It was within moments of taking his big leap forward that Brampton high jumper Mark Boswell stopped looking to his past.
A bronze medal at the world championships in Paris last year proved to him that potential had turned to productivity on the world stage. And the taste was so sweet that he wanted more.
"In his mind, Mark believes he is going to (win a) medal (at the Olympics)," Athletics Canada coach Alex Gardiner said. "Mark loved the feeling so much in Paris that it has motivated him that much more."
Whether Boswell can step up again will require a massive display of his will and mental strength. As talented as he is, Boswell has been nursing an ankle injury since the breakthrough in Paris and has not jumped higher than 2.24 metres in competition since.
He'll likely have to add at least 10 centimetres to challenge for a medal in Greece and it would have been nice to see him inch closer by now.
On the other hand, Boswell says he has had a singular focus since getting draped in bronze a year ago and that is saving his best for Olympic Stadium.
"I'm just being patient and don't want to push anything out there," Boswell said. "My history shows that if I stay positive and stay focused it always works out. I'll put my money on that any day."
Putting money on a fistful of Canadian medals at the Games' marquee session could be risky business, however.
Four years ago in Sydney, Canada was shut out of athletics medals for the first time since 1972. That drought should end this time around thanks to the speed and moxy of hurdler Perdita Felicien.
But will the Pickering native have company on the podium? It is a talented though trimmed down crew of 22 that is Athens-bound, and a team which shows more promise than proven success.
"Most of the athletes are still in their mid-20s and not yet at their peak form," Gardiner said. "I suspect we'll see 90% of this team again in Beijing (for the 2008 Games). That's when they are going to be really firing and really flying."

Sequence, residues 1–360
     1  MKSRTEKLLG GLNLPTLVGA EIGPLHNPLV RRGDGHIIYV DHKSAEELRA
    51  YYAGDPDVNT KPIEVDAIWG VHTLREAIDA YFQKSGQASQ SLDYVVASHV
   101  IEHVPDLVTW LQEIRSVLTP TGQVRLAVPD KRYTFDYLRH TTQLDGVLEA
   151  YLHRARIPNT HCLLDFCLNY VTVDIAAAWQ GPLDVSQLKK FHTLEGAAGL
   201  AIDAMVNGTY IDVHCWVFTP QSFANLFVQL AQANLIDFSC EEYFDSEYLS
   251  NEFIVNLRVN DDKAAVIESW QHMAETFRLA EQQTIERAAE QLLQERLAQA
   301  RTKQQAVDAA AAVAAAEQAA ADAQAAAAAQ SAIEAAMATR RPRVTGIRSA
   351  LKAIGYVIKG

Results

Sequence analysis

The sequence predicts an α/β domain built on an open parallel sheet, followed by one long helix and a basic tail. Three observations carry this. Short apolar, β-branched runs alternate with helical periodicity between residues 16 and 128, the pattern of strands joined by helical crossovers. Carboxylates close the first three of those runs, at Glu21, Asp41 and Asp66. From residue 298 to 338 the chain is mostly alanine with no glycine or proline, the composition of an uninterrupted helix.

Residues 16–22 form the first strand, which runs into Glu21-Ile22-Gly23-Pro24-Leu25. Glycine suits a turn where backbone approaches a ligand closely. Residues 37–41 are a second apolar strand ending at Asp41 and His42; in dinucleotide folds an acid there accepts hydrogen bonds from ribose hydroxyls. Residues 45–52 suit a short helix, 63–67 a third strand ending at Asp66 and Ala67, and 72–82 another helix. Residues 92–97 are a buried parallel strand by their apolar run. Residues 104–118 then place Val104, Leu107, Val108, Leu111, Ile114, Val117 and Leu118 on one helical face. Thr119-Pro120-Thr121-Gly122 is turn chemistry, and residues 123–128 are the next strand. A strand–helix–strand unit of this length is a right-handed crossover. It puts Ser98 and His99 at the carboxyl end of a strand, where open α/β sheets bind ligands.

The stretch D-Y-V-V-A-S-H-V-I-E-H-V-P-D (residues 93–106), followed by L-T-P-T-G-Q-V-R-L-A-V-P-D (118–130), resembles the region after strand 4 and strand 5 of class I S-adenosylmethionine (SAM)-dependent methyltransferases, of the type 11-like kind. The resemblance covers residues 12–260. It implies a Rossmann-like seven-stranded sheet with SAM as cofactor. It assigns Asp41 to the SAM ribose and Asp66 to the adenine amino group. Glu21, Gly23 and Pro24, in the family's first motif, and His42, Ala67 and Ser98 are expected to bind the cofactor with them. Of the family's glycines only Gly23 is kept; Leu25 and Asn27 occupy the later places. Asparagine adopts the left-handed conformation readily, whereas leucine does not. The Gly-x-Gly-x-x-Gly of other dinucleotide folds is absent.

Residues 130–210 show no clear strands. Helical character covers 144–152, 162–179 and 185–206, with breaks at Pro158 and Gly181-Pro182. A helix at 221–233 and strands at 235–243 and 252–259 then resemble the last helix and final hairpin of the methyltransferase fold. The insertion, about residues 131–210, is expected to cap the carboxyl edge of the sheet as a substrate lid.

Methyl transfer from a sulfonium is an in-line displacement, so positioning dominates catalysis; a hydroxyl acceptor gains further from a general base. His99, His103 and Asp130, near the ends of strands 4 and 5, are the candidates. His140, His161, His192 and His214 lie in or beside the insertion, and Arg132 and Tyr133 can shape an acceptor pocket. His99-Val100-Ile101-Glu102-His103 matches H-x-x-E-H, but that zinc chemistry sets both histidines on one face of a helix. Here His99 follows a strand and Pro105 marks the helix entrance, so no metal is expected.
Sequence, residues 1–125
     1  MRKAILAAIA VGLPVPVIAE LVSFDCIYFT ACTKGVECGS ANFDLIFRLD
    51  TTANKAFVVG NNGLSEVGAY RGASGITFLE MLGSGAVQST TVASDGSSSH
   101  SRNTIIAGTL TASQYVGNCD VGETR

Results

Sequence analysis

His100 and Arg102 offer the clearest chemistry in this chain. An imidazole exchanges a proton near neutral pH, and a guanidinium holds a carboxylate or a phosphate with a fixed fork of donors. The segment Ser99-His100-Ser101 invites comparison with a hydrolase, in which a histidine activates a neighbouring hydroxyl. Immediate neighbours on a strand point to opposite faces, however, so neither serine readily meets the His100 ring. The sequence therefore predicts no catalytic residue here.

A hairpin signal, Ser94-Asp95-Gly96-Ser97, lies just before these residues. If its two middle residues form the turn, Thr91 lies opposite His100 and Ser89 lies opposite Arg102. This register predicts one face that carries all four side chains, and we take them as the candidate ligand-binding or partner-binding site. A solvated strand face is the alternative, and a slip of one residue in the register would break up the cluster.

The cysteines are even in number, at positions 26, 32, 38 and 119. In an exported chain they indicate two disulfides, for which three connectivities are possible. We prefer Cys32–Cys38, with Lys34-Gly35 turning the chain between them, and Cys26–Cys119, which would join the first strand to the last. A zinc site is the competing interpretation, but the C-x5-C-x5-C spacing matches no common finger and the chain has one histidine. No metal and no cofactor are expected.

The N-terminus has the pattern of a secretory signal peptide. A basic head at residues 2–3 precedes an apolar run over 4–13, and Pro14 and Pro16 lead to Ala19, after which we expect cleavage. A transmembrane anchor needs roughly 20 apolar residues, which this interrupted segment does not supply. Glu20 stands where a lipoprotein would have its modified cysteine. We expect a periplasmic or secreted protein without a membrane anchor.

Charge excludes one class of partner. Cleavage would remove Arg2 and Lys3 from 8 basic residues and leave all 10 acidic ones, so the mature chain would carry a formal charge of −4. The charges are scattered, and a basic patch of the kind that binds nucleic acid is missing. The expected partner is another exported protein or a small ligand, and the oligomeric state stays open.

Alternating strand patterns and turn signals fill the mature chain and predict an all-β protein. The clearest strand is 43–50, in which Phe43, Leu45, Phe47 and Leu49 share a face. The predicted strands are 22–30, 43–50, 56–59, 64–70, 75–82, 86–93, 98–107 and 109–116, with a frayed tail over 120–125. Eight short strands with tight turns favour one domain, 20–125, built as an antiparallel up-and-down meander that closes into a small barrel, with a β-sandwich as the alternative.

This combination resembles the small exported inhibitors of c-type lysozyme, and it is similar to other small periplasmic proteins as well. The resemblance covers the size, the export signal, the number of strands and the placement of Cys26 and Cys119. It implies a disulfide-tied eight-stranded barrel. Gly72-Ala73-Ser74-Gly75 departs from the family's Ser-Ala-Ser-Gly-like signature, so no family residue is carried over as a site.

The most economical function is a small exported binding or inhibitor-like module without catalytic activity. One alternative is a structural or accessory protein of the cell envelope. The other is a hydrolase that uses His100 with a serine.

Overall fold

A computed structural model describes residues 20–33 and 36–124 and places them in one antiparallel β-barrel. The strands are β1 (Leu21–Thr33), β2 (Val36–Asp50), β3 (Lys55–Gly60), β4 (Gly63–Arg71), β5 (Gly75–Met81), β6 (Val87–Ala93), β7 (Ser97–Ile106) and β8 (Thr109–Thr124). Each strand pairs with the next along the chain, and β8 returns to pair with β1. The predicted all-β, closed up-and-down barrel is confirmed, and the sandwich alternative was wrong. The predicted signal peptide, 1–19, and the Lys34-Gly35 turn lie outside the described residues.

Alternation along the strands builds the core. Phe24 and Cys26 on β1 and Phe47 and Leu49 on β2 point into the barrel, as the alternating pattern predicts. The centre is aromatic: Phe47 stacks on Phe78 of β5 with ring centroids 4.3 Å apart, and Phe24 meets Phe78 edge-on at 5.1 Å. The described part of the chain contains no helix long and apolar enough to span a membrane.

What about this year? Brantford native Kevin Sullivan turned in one of the most impressive Canadian performances of the Sydney Games when he finished fifth in the 1,500 metres. Unfortunately, he competes in one of the toughest and deepest events at the Games.
"Every year I come in with the same goal -- to make the final and try to run for a medal," Sullivan said. "I'm approaching this the same way."
A dark-horse for medal consideration is B.C.'s Dianne Cummins, who at various points this year has been competitive with the best in the world.
"She has beaten everybody but the top two in the world," Gardiner said of Cummins' hopes in the women's 800. "She's certainly capable of contending."
In the men's 800, Gary Reed of Kamloops, B.C., has been improving rapidly and could crack the top 10.
Then there are the drama kings of the Canadian team -- the men's 4x100 relay squad. Four years ago, Nic Macrozonaris of Montreal was proclaimed the future of Canadian sprinting, big talk for a nation with a storied tradition of speed. But he has become more infamous lately for sparring with his relay team members.
"If these guys get their act together, a medal is a possibility," Gardiner said.
- Jacques Freitag, South Africa.
Men's 4x100m relay
- Team USA
Men's 100 metres
- Maurice Greene, U.S.
Favourite over compatriot Shawn Crawford.
Women's 800 metres
- Maria Mutola, Mozambique
Men's 1,500 metres
- Hicham El Guerrouj, Morocco.
Only Olympic gold has eluded him.